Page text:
-Marla ʻAlohilani Tam-Hoy Barhoum (HHAPI Health Educator)

Video: I Kū Mau Mau-Seattle 2023

Moananuiākea - Hōkūleʻa (

Track the voyage with your ʻohana!

Traditional Polynesian Voyaging Canoe

Hōkūleʻa to Visit Seattle and Tacoma

Moananuiākea is Hōkūle‘a’s 15th major voyage in her first 50 years. At the core of Hōkūle‘a’s creation was exploration – to uncover, recover, and reclaim. Reclaim our culture, traditions, and our relationship to home and our island earth. Moananuiākea is no different, but we are now guided by what the worldwide voyage told us—that we must deepen our values in the voyage and move from exploration and understanding to mālama, or caring, and kuleana, or taking responsibility. With those values, we must move discovery toward choices and actions that we believe will help build a future good enough for our children. This is our most difficult voyage yet because the destination is not ours. It will be the most difficult island yet to find, because it is the future of island earth.

Continue reading here!

Recipe: Furikake Salmon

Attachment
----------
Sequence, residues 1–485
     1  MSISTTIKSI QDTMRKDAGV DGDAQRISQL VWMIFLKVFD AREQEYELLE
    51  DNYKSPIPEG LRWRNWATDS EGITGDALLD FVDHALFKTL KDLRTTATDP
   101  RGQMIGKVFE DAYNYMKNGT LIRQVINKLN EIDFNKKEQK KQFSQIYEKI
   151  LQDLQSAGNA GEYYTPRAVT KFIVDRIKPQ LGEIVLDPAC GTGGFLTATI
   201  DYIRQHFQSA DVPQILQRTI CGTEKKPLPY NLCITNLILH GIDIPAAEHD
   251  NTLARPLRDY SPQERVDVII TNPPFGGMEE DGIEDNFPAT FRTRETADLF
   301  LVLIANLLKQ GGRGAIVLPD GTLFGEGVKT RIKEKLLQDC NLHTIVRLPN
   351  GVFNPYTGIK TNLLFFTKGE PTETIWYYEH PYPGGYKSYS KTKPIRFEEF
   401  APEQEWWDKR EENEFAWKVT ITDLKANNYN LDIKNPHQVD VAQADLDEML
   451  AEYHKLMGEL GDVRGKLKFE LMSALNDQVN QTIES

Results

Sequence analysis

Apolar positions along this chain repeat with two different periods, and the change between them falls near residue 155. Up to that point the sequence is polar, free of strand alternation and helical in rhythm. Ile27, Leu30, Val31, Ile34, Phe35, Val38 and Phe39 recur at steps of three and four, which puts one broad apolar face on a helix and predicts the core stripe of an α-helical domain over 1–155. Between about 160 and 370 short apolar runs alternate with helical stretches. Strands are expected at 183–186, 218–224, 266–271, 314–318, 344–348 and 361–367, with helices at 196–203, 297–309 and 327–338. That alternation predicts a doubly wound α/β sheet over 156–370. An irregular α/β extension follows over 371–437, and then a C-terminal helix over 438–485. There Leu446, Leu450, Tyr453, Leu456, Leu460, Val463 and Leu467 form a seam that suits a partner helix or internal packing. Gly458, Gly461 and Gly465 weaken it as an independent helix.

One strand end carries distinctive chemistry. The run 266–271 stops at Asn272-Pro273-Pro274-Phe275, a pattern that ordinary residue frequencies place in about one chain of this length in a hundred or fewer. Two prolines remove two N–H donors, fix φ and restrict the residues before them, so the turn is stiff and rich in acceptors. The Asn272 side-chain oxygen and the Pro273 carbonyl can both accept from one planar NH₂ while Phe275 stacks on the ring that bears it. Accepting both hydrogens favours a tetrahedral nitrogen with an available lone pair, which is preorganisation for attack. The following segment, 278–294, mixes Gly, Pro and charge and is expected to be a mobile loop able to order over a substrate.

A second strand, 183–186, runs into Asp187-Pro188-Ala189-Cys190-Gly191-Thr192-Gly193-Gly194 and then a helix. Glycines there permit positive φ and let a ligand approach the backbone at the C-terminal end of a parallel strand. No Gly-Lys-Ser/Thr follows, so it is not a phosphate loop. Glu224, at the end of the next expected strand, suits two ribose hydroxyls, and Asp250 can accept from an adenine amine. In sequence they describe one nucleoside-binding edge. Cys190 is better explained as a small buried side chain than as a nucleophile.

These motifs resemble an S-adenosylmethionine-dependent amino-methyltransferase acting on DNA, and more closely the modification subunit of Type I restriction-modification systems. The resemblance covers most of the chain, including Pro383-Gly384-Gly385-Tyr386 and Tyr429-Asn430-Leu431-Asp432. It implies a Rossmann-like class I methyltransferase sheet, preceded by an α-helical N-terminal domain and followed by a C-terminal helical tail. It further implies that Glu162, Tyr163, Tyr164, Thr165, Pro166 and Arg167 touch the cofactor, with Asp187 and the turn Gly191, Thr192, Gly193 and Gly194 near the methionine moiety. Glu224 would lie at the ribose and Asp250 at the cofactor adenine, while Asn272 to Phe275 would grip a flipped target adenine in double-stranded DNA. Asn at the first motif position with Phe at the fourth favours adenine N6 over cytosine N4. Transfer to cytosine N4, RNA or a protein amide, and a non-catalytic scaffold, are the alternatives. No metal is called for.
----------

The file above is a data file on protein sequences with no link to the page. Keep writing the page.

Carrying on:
• 2 Salmon Fillets (6-8 oz ea)
  • 1/4 cup Furikake
  • 1/3 cup Mayonnaise*

*Daysha recommends Kewpie Mayo. Mix in some soy sauce or wasabi for some added flavor!


  1. Preheat oven to 425 degrees F.
  2. Lay salmon skin side down on aluminum foil lined baking sheet.
  3. Baste salmon with mayonnaise. Sprinkle furikake on top of mayonnaise.
  4. Bake salmon for 10 minutes or until done and enjoy! Serve with rice.
Recipe from Uwajimaya

Upcoming Community Events

Kepakemapa is KANAKA KITCHEN month. Join Chef ʻIʻini for a series of Four, Free, Fun, Bi-lingual Virtual Cooking Events, where we will prepare ʻonolicious dishes together, highlighting traditional Hawaiian staples. 

Every week during the month of September we will be hosting a Kanaka Kitchen, designed for ʻohana, friends, or co-workers to become engaged in preparing and enjoying delicious, healthy Hawaiʻi-sourced food together.

Register today for all four events!

Native Hawaiian Health Survey


Kula No Nā Poʻe Hawaiʻi Papakōlea, Kewalo, Kalāwahine is currently collecting baseline health data in collaboration with Papa Ola Lōkahi through the Native Hawaiian Health Survey.


Your participation will guide future health initiatives and actions for our Lāhui. Please see attached and click on the link below.

Complete the survey here!

Native Hawaiian and Pacific Islander Health Studies